Manolete Partners PLC v Hastings Borough Council [2013] EWHC 842 Mr Justice Ramsey, TCC

Like so many Victorian piers, Hastings Pier has not been kept in good repair. This claim (by way of an assignment) by a tenant of the Pier was for statutory compensation under the Building Act 1984 resulting from the use of powers by the local authority to close the Pier to public access over concerns about its structural integrity and, therefore, closing the tenant's bingo hall and amusement arcade.

On 16 June 2006, Hastings Borough Council exercised 'emergency' powers under Section 78 of the Building Act 1984 to close the Pier to the public. Section 106 of the Act provides for the local authority to pay full compensation to any person who has suffered damage as a result of the exercise of powers under the Act except where the person was 'in default'.

The local authority argued that there was no good independent cause of action and, in particular, in relation to an analogous claim in nuisance, relied on the defences of statutory justification and the lack of any evidence that it had acted 'unreasonably', and that, therefore, there was no entitlement to compensation.

It also argued that Section 106 compensation did not apply because the tenant was 'in default' under the Occupiers Liability Act 1957, section 2, in failing to take reasonable care to ensure that visitors were reasonably safe, and in breach of the Health and Safety at Work Etc Act 1974, section 2 (1) and Section 3, as it allowed its employees and others to be on the Pier.

Finding in favour of the tenant, Mr Justice Ramsey determined that no independent cause of action needs to be established to succeed in a claim for compensation under Section 106 of the Act and that, absent the statutory power, there would have been a good cause of action for the loss suffered.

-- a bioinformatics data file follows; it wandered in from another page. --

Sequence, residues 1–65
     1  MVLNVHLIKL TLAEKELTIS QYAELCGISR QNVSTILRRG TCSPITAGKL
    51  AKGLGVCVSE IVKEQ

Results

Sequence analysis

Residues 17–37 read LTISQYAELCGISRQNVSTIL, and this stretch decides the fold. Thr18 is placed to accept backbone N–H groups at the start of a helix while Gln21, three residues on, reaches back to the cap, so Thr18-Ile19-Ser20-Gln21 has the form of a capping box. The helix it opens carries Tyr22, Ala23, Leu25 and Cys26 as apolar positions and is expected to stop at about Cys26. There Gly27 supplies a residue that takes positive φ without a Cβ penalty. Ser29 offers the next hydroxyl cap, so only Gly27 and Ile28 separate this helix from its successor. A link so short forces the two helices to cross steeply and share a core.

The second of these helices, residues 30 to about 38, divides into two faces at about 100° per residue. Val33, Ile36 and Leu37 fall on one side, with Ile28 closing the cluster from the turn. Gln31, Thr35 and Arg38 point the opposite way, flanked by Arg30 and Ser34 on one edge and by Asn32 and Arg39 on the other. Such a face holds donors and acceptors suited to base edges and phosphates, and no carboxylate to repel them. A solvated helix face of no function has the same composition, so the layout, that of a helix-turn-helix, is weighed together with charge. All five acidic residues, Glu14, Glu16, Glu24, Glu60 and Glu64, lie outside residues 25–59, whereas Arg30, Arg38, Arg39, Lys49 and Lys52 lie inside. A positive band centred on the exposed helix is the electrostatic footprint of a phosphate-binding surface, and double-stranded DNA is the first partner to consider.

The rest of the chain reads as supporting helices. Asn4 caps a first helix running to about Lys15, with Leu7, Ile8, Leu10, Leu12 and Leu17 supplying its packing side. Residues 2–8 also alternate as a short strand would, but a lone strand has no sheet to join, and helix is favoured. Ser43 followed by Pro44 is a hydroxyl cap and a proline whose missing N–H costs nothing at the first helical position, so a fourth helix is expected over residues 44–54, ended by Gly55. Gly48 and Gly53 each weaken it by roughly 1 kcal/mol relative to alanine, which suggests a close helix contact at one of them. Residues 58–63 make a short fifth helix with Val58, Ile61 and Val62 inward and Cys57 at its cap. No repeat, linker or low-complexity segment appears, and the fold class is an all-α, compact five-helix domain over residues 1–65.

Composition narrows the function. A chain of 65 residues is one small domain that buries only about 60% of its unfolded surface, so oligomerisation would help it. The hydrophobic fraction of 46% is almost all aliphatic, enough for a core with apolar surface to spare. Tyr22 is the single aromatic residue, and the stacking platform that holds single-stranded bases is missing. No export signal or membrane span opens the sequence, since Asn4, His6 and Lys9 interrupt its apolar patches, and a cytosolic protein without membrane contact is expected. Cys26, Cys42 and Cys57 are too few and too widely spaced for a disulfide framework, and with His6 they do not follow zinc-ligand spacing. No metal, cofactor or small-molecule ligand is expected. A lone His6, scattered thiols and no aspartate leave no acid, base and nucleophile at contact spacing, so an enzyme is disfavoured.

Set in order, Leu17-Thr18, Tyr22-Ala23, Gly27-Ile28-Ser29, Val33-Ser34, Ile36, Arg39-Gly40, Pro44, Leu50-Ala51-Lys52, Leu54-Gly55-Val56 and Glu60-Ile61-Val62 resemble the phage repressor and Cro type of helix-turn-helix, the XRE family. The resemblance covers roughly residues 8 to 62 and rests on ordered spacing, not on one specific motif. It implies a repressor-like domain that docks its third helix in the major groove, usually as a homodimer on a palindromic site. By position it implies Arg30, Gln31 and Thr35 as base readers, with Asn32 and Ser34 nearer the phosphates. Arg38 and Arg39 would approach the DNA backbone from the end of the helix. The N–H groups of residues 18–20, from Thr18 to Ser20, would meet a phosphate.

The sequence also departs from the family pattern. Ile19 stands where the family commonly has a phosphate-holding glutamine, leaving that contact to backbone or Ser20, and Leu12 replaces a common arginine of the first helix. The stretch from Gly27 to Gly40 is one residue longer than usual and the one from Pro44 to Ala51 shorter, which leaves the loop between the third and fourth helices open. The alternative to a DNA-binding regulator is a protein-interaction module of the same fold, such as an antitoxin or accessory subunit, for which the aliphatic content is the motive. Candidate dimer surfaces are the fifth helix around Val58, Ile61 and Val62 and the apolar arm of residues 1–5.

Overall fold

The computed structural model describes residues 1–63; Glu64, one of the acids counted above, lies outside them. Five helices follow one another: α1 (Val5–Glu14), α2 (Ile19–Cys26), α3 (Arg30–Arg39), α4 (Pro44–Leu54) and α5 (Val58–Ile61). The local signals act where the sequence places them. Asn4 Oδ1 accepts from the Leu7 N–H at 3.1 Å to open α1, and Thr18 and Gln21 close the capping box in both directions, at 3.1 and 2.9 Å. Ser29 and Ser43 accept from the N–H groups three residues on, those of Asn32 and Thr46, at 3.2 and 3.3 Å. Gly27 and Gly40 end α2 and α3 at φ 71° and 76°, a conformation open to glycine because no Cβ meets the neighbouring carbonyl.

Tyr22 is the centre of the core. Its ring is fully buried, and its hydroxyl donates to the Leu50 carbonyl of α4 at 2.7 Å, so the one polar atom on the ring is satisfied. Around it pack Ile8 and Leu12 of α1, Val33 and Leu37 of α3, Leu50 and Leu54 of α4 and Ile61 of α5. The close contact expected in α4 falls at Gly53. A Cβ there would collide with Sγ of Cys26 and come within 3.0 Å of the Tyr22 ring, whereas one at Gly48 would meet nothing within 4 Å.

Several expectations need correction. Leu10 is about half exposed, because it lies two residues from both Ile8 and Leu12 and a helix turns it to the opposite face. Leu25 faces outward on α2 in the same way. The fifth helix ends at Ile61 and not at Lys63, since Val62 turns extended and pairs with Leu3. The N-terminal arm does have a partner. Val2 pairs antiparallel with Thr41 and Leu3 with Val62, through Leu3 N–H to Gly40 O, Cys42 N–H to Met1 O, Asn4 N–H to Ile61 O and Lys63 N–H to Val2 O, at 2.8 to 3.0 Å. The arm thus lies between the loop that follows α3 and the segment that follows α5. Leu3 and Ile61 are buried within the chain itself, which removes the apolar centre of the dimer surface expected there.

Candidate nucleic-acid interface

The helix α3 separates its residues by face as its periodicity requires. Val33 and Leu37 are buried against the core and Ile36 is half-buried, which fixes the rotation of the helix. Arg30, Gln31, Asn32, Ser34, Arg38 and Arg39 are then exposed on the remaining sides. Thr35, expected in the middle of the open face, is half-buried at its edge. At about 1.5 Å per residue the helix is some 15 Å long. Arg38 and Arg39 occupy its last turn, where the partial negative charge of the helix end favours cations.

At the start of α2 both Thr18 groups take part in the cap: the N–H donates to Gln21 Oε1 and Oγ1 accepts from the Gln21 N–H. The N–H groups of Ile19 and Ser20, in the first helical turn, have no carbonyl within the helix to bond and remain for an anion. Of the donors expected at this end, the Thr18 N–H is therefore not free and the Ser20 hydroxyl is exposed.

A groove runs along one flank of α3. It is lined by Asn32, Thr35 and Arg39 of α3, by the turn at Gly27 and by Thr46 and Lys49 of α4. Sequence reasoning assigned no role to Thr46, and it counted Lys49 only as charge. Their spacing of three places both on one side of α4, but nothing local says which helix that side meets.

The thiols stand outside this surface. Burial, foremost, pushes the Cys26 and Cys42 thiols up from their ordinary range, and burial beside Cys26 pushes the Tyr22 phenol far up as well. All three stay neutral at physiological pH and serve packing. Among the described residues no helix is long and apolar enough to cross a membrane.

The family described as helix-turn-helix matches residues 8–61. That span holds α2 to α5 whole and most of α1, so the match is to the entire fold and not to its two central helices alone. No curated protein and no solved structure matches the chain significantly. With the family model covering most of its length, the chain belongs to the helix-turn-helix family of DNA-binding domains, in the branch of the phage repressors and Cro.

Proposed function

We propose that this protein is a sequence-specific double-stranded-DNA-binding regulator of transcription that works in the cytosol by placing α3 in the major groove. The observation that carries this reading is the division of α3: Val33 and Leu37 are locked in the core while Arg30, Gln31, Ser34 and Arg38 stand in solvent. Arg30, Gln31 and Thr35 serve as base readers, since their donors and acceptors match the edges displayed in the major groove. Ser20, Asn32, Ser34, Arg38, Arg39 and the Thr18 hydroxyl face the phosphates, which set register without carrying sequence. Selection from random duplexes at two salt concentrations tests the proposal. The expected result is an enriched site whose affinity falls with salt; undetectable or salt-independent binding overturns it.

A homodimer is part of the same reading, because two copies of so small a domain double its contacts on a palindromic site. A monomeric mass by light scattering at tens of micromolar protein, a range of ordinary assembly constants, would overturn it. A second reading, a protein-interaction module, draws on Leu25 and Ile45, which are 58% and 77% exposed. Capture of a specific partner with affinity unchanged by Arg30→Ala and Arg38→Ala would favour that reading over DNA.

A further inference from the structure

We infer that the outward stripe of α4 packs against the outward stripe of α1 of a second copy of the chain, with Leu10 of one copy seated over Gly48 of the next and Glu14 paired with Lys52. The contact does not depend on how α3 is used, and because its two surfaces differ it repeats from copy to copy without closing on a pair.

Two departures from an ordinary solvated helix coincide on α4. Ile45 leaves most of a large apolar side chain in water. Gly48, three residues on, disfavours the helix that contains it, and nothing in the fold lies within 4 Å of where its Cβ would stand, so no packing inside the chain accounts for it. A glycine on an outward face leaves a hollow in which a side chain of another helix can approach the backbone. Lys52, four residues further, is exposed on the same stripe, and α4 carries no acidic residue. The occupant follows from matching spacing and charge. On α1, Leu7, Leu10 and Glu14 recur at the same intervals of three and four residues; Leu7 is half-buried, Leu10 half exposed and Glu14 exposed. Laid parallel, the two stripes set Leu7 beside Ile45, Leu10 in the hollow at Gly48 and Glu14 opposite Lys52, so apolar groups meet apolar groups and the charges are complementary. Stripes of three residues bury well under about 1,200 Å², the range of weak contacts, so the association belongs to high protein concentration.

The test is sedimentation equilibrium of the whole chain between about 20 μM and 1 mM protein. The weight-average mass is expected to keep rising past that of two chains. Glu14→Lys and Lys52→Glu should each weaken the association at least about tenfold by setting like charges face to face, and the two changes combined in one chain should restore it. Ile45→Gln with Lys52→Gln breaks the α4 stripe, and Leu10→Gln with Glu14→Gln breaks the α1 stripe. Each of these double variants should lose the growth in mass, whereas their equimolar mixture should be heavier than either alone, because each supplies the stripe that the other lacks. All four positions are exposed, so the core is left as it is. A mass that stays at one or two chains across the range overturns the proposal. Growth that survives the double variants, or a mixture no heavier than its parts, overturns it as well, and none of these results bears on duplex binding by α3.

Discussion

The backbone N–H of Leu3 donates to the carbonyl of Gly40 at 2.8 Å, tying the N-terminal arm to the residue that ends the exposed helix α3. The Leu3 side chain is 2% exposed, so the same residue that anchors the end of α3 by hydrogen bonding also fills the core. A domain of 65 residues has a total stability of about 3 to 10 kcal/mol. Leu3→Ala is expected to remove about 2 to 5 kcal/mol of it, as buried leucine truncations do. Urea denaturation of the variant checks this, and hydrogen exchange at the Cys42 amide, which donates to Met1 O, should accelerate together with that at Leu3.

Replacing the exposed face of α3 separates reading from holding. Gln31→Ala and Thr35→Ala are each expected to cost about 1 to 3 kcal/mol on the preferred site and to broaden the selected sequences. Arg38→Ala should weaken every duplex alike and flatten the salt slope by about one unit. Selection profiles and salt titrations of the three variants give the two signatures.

Further, that 'default' required breach of some obligation to do something imposed by the Building Act itself, or at least in breach of some obligation to the local authority, not some wider obligation to third parties.

No breach of obligation to the local authority existed.

"...the fact that a party may be in breach of a duty owed to third parties should not, in principle, prevent that party from obtaining compensation when that party sustains damage by reason of the exercise by the relevant authority of powers under the Act.

Very often the acts of a party may give rise to compensation from one party whilst at the same time being in default as regards third parties. It is generally only default in relation to the party obliged to give compensation which would provide a defence. In my judgment it is that principle which applies here."

Permission to appeal was sought by the Council at first instance, but rejected. A further application for permission to appeal has been made to the Court of Appeal and is pending.

The case stands as the first successfully litigated claim for compensation under Section 106 of the Building Act 1984.

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This material is prepared for Chambers by our Director of Research and Professional Development, Professor Anthony Lavers (LL.B. M.Phil Ph.D. D.Litt MCI.Arb FRICS Barrister) Visiting Professor of Law, Oxford Brookes University.